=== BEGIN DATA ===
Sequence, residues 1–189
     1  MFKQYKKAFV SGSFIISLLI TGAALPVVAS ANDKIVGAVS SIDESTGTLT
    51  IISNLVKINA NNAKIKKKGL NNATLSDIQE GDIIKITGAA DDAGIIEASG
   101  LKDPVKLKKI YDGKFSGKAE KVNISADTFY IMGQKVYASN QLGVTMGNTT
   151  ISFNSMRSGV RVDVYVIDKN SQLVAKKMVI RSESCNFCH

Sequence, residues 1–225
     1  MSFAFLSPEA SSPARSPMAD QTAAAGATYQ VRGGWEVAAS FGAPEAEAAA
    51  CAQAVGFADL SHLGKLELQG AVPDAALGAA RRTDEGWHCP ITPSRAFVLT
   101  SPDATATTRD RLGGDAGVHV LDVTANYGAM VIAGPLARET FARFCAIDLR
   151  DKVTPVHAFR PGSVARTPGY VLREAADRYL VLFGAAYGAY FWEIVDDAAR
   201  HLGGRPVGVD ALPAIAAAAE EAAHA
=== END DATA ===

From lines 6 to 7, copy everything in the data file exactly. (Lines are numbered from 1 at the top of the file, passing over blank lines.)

Sequence, residues 1–225
     1  MSFAFLSPEA SSPARSPMAD QTAAAGATYQ VRGGWEVAAS FGAPEAEAAA